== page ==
Having a solid call to action can make or break an ad campaign – it’s honestly not a secret, and it makes a lot of sense. The main idea is this: if your CTA is compelling enough, it will get your target audience to convert and actually do what you want.
Depending on your campaign goals, you may want to direct people to a special promotion, sign up page, consultation form, live chat window, video media, or any number of marketing assets or landing pages. If your ideal customer doesn’t want to click on that button and get what you’re trying to sell, it’s time to rethink the call to action strategy.
Unbounce are preeeeetty incredible at what they do (landing pages and conversions that actually work) and they have a ton of actionable, data-based tips for where to start with your call to action buttons on ads.
1. Look at Actions Visitors Take on Current Landing Page(s)
If there are multiple actions a user can take on your landing page (like call you directly or fill out a form, for example), you can see in Google Ads what the best performing action actually is. And—if that landing page is being used in several different campaigns or ad groups—you can combine all the data to get a more accurate view of performance.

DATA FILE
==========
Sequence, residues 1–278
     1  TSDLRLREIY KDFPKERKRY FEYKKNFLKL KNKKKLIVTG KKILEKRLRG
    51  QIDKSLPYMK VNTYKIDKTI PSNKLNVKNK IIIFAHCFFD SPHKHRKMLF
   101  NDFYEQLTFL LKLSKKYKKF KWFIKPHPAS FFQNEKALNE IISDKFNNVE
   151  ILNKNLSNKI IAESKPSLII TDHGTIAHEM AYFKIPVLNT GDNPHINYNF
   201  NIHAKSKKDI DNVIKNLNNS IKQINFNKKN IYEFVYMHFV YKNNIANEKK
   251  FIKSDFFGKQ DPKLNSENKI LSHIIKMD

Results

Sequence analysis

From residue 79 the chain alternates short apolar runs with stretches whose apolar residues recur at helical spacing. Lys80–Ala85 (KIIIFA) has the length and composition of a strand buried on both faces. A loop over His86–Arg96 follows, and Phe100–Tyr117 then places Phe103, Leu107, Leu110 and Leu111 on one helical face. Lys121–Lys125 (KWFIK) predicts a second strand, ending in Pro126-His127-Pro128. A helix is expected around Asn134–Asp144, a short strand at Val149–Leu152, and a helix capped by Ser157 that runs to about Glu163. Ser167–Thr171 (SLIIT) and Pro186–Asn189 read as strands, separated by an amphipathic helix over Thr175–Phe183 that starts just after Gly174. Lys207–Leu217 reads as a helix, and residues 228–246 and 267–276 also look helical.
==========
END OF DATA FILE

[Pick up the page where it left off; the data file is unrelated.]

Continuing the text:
This report can ultimately help inform more useful CTAs for your other pages, or the CTAs for particular ad groups’ display ads.
2. Research What Specific Audience Segments Like to Do on Your Site
Let’s say you wanted to create an awareness campaign targeting users who match the Apparel & Accessories audience. How do you know what actions users in this category like to perform? A good way to find out is what they do on your site, and the answer can be found the same way as before in Google Analytics.
3. Double Check Visitors Perform the Same Actions Across Devices
Ad placements and user behavior differs for each device. Here’s one example of the landing page report and how user behavior differed for one goal type when I was running a display campaign.
We saw users on their phone didn’t want to fill out the form. Compared to those on desktop, they preferred to call or use the chat tool. If we didn’t segment out our data like this, it would have looked like the preferred CTA for this display campaign would have been to push form submissions no matter the device.
4. Get Into Your Data and Experiment
For a head start on new campaigns, look at the data you already have from current campaigns and visitors to see what your audiences prefer to do on your landing pages. Use this data to craft the perfect CTA that will have the most impact on a potential new customer.
What are your tried-and-true methods for calls-to-action? We can’t wait to hear from you on Twitter.